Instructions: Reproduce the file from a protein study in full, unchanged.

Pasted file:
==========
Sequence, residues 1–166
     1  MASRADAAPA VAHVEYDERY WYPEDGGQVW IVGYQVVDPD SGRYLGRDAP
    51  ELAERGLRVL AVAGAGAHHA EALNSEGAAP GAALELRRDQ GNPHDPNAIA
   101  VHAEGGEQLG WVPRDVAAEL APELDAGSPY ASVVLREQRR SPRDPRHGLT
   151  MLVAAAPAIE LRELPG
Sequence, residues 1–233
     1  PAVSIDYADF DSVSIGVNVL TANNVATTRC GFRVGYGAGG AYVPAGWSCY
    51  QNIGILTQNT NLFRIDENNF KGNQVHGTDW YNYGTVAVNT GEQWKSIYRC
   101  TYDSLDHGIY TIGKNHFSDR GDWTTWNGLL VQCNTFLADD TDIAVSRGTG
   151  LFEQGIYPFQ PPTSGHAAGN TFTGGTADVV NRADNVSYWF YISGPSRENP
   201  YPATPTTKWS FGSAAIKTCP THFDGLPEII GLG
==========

Sequence, residues 1–166
     1  MASRADAAPA VAHVEYDERY WYPEDGGQVW IVGYQVVDPD SGRYLGRDAP
    51  ELAERGLRVL AVAGAGAHHA EALNSEGAAP GAALELRRDQ GNPHDPNAIA
   101  VHAEGGEQLG WVPRDVAAEL APELDAGSPY ASVVLREQRR SPRDPRHGLT
   151  MLVAAAPAIE LRELPG
Sequence, residues 1–233
     1  PAVSIDYADF DSVSIGVNVL TANNVATTRC GFRVGYGAGG AYVPAGWSCY
    51  QNIGILTQNT NLFRIDENNF KGNQVHGTDW YNYGTVAVNT GEQWKSIYRC
   101  TYDSLDHGIY TIGKNHFSDR GDWTTWNGLL VQCNTFLADD TDIAVSRGTG
   151  LFEQGIYPFQ PPTSGHAAGN TFTGGTADVV NRADNVSYWF YISGPSRENP
   201  YPATPTTKWS FGSAAIKTCP THFDGLPEII GLG